From catastrophic injuries to months-long rehabilitation, Giuliani says being an athletic trainer is being "an educator first."
Associate Director of Sports Medicine & Head Football Athletic Trainer, Lehigh University
Every day, Lehigh University’s Associate Director of Sports Medicine and Head Football Athletic Trainer, Marco Giuliani, witnesses firsthand the dedication and resilience of the student athletes in his program. Within two minutes of speaking to him and hearing how passionately he speaks about his job, anyone will see that serving these athletes has driven his passion since the beginning of his career.
Born and raised in Long Island, New York, Giuliani aspired to play professional baseball. After taking an “Introduction to Sports Medicine” class during his junior year of high school, Giuliani was sold. Sports medicine combined two things he loves: sports and helping people.
“Athletic training is not just ‘Alright, let’s go fill up a water bottle and get out on the field,’” Giuliani explained, “You’re an educator first. You’re teaching these kids different life skills they may not have gotten if they didn’t play sports.”
Giuliani described one of the first times his skills were put to the test during an incident at their football game versus Yale in his first year. Yale’s quarterback gave head-to-head contact to Lehigh’s safety as the quarterback was scrambling. Lehigh’s safety went soaring through the air and was unconscious before he hit the ground.
In the moments that followed, Giuliani’s characteristically thoughtful and thorough brand of athlete care had its opportunity to shine for the first time.
“As soon as I get out there, I always try to make eye contact with the athlete – so they see a familiar face. It’s not a referee, it’s not an opposing athlete. They know what I do, they know I’m there for them,” Giuliani said.
Giuliani then performed a full neurological assessment and C-spine check of the athlete. Everything appeared to be okay until he sat the athlete up and his eyes rolled to the back of his head. He immediately laid the athlete back down, cut off his equipment, secured him to a spine board, and sent him to the hospital for a CT scan.
The athlete had suffered a subdural hematoma, or a pocket of blood on the brain. Typically, this injury would result in a surgical procedure to remove a chunk of the skull, allowing space for swelling. Guiliani’s athlete got “lucky, in a sense” – he did not need an evacuation of his skull and was discharged from the ICU after 5 or 6 days.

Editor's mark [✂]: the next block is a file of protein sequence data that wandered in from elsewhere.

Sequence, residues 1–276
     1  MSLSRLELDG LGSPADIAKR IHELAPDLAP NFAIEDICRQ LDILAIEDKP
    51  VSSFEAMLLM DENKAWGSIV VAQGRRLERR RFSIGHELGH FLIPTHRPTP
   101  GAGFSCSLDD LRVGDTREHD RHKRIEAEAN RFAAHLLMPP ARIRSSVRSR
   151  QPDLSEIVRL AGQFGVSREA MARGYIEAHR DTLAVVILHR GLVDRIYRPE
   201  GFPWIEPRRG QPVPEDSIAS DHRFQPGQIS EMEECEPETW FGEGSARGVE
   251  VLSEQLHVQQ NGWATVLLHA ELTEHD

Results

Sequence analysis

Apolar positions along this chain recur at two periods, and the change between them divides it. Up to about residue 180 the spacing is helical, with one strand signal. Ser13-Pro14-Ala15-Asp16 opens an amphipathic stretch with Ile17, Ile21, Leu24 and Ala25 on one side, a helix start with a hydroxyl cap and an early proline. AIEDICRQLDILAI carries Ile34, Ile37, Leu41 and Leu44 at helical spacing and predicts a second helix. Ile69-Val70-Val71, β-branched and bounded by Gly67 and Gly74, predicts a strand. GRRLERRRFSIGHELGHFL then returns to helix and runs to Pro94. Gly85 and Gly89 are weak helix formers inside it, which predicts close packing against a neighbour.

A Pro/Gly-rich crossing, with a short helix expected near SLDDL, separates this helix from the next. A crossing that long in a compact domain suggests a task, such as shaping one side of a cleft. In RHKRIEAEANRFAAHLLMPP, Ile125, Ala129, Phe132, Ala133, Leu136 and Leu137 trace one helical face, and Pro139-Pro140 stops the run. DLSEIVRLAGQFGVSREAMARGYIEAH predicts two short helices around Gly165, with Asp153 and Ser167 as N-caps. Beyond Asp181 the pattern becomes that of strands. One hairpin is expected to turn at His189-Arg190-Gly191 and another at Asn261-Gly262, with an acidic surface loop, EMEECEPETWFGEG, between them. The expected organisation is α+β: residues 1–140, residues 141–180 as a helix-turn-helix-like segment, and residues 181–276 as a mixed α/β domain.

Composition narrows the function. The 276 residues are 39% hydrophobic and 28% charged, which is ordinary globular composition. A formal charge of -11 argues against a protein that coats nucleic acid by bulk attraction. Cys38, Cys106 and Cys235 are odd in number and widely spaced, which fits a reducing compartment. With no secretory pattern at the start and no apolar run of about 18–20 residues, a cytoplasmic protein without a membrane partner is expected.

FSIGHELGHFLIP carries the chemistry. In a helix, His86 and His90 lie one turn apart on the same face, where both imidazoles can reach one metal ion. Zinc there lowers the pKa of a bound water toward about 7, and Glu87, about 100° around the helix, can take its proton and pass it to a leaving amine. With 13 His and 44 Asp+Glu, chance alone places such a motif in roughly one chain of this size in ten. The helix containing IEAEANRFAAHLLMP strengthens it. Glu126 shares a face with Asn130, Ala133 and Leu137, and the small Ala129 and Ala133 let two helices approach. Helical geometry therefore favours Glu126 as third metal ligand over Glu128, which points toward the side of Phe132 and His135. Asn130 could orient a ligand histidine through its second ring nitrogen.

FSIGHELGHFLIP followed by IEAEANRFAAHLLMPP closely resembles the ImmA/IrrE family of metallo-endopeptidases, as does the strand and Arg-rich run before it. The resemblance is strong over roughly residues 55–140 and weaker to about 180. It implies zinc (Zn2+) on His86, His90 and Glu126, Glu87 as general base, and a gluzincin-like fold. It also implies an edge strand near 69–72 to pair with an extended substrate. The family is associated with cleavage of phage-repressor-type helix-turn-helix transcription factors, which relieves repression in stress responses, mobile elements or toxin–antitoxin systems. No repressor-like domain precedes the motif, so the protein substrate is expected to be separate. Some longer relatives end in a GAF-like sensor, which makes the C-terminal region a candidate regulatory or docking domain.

Giuliani said once an athlete is out of the hospital, the hard work truly begins. This particular athlete opted to withdraw from the academic semester upon discharge from the hospital to begin six months of vestibular (concussion) rehab.
“It’s crazy how much a football student athlete puts their life on hold while they’re in college,” Giuliani said. “They train all year for about eleven opportunities at a minimum. It’s crazy to see the grooming and training they go through – all those early mornings just for those eleven games. They’re not guaranteed to make the playoffs or go to a championship game, and yet they still wake up every morning and get it done.”
Pride in his job and love for his athletes keeps Giuliani going, though anyone’s resolve would be tested in the face of countless catastrophic injuries. Regardless, he persists in caring for his athletes and teams.
Giuliani described an incident that happened recently where a senior lineman severely dislocated his ankle. He said the impact “sounded like a fresh tree branch snapping.” When Giuliani and his team got to the athlete, he was sitting upright on the field looking disoriented.
“We get out there and can see his left ankle basically doing a 180,” Giuliani described.
After stabilizing the ankle on the field, Giuliani immediately took the athlete into the team’s SidelinER® to recuperate emotionally.
“The nice thing about the tent is that it allows a student athlete a safe place to process their emotions and everything they’re going through in that situation. When you’re on a table on the sideline and ten- to twenty-thousand people are looking at you, it’s tough to be truthful.”
Giuliani explained how athletic medical evaluations have changed in the past few years since the emergence of SidelinER®. The privacy tent allows athletes to lay back and let out their frustrations without feeling the gaze of thousands of fans.
Here at Kinematic we understand the intensity of being a sports medicine professional. Beyond being a sort of “First Responder” in the face of catastrophic injuries, athletic trainers and physical therapists work hard to educate their student athletes on how to be strong team members and people. It’s a privilege to create a product that serves as a tool for passionate and driven ATCs like Giuliani to perform on the job.
Collectedness and expertise have come with years on the job, but heart is something that Giuliani was clearly born with. This grit and desire to help others trickles down to his staff, student athletes, and the entire athletic program at Lehigh University.
“I know going in every day that I get to work with some really good kids,” Giuliani said. “They care, they enjoy what they do, and they always have respect – and that’s the biggest thing.”
Written by Daniel Sisson